Golf For A Lifetime

footballgolfThe idea of golf for a lifetime surfaced in two recent, seemingly unrelated items recently crossed my path:

In the first, the Milwaukee Journal-Sentinel has an article about Manuel De la Torre who, at age 93 is still teaching golf at Milwaukee Country Club. De la Torre has been there for 65 years.  In the 1940s and 1950s, he competed on the PGA TOUR, playing in the era of Hogan and Snead. Over the years, De la Torre won the Wisconsin Open five times.

Many of today’s top teachers have been influenced to some degree by de la Torre’s philosophies. Before David Leadbetter became a household name, he sat in de la Torre’s PGA seminars as a young teacher living out of his car.

De la Torre no longer can stand for hours on the practice range at Milwaukee CC, but he wants to stay active and give at least a few lessons a week. Students don’t have to be club members to arrange lessons but in most cases they will have to transport him to and from the club.

He hopes there’s still a demand for his services.

“If people want help,” he said, “I am very willing to help.”

The second item was a quote from NFL great Mike Ditka in which he suggested that parents encourage their children to play golf instead of football.

I would never discourage my son from playing football or baseball or anything else, but I would probably say, ‘Hey, listen, you ought to try golf. I think that’s what’s going to happen to a degree.

That is a pretty incredible statement from a guy who one of just two people to win an NFL title as a player, an assistant coach, and a head coach (the other is Tom Flores). But given what we know about concussions and other football injuries, perhaps Ditka now thinks differently about the sacrifices he made with his body.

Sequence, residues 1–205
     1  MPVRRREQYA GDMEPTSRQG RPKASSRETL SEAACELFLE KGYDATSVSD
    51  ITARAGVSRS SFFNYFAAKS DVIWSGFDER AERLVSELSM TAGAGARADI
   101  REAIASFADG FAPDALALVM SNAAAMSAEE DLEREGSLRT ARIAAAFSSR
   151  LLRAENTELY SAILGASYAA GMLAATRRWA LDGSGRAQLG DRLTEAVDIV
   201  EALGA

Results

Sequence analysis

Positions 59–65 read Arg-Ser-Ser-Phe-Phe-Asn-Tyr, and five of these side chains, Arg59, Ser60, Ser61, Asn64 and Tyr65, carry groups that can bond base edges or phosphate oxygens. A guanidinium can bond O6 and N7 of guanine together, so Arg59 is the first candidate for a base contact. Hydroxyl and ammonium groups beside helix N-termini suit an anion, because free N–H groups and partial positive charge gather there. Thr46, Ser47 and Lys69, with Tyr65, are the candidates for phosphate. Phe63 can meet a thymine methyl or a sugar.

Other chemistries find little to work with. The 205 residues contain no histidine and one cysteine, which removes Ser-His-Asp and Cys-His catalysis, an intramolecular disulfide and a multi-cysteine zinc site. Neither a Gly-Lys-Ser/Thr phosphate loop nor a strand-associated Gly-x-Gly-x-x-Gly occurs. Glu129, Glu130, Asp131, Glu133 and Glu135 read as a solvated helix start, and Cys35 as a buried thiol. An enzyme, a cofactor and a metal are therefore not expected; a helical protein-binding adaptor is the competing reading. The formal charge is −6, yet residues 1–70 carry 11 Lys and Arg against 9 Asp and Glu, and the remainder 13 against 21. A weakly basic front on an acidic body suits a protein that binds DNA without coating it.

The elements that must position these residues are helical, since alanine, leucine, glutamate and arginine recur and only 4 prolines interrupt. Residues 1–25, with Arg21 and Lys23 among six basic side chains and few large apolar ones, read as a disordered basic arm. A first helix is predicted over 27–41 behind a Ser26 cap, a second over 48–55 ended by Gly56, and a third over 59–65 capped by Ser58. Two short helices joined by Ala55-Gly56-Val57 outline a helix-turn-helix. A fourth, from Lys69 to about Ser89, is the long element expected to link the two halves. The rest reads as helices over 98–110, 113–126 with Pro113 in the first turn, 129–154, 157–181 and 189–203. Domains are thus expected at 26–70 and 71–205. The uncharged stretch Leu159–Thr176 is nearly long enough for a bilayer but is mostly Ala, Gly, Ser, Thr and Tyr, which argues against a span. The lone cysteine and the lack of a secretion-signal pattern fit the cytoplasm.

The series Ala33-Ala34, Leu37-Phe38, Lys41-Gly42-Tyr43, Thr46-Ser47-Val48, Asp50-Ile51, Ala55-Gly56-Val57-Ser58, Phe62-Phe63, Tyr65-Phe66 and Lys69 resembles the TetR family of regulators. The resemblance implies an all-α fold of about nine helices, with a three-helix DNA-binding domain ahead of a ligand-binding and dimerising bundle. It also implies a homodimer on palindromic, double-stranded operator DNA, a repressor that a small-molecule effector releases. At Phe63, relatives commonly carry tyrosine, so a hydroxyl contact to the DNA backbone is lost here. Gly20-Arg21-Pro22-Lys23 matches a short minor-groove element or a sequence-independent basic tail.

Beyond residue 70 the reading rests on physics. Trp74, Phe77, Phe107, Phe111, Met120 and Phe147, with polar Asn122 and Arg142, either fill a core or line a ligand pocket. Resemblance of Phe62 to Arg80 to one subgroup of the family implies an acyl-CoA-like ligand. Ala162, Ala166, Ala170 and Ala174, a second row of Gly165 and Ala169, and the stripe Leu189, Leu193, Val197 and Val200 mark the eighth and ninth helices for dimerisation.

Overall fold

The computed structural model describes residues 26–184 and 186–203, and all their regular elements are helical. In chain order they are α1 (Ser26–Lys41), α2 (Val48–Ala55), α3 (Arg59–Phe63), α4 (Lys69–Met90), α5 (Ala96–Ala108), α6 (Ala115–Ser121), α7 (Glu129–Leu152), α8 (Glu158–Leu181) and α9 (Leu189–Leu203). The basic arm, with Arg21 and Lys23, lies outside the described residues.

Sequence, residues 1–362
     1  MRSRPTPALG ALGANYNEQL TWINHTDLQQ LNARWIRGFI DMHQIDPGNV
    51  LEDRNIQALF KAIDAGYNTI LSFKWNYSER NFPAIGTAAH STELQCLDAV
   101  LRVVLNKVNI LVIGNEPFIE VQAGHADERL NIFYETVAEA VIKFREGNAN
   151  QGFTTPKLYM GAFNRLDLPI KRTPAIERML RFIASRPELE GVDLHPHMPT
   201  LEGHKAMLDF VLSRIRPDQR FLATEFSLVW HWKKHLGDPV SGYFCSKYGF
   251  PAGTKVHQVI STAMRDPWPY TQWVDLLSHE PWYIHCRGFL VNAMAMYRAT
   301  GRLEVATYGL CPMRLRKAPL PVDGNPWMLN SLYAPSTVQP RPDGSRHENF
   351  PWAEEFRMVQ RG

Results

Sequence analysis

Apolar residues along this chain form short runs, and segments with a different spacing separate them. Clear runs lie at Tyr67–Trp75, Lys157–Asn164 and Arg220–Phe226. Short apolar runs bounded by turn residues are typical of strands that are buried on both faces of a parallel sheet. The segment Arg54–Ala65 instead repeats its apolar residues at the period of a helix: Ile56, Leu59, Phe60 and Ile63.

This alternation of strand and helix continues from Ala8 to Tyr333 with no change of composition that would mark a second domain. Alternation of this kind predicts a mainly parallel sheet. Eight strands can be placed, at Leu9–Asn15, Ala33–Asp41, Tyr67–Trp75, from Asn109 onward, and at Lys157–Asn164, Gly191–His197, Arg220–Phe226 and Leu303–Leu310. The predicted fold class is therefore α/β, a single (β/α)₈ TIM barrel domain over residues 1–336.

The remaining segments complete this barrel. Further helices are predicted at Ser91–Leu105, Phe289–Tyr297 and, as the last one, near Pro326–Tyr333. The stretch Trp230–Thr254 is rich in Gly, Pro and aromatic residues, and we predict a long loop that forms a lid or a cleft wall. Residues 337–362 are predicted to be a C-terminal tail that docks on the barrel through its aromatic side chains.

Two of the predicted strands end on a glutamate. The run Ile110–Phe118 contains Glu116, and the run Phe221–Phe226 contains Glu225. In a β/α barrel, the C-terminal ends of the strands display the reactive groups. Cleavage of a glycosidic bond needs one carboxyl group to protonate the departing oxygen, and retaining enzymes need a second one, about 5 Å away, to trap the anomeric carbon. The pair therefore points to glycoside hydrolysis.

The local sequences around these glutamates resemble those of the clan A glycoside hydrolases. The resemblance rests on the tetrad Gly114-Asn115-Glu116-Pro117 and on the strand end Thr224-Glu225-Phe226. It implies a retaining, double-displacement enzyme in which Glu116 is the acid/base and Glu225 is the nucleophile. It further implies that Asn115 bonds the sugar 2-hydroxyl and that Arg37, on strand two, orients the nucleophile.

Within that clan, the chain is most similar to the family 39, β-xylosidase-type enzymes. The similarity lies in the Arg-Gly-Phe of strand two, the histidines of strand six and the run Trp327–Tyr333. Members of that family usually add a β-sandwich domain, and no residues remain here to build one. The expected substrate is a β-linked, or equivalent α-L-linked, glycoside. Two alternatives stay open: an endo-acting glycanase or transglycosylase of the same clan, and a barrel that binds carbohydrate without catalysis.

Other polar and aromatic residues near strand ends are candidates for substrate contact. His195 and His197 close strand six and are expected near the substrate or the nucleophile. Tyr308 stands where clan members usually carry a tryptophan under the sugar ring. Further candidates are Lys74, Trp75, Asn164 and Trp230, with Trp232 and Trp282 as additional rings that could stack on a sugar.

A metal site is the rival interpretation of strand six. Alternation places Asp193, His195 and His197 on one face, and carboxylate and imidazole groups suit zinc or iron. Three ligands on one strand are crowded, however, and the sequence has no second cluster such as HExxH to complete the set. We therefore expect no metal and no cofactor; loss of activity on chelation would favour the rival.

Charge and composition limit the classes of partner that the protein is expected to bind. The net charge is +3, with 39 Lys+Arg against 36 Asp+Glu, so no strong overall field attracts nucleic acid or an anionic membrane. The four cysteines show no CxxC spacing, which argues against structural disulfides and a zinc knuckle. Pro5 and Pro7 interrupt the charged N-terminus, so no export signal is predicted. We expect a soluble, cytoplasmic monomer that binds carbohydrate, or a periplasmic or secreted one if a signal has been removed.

The intersection of these two articles is lies in the notion of golf as a sport for life. De la Torre, at 93 is still teaching the game. I regularly play with guys in their 70s and 80s — many of whom still walk the course. Ditka, on the other hand, would steer his children away the sport in which he made his name. No one is still playing football in their fifties, let alone sixties or older. I suppose that there may be geriatric flag football leagues somewhere, but I can’t imagine there are very many.

Injuries are as much as part of golf as other sports — just ask Tiger Woods, or Fred Couples, or Michele Wie — but they’re an altogether different sort. Golfers do not normally get injured as a result of speedy collisions with other players intent on preventing scoring.

In this, then, is an opportunity for the sport of golf.  Given its more gentle nature, golf can position itself as an alternative to the contact sports that now have many parents frightened. The industry should make the case that golf is a sport that people can enjoy for life.

 

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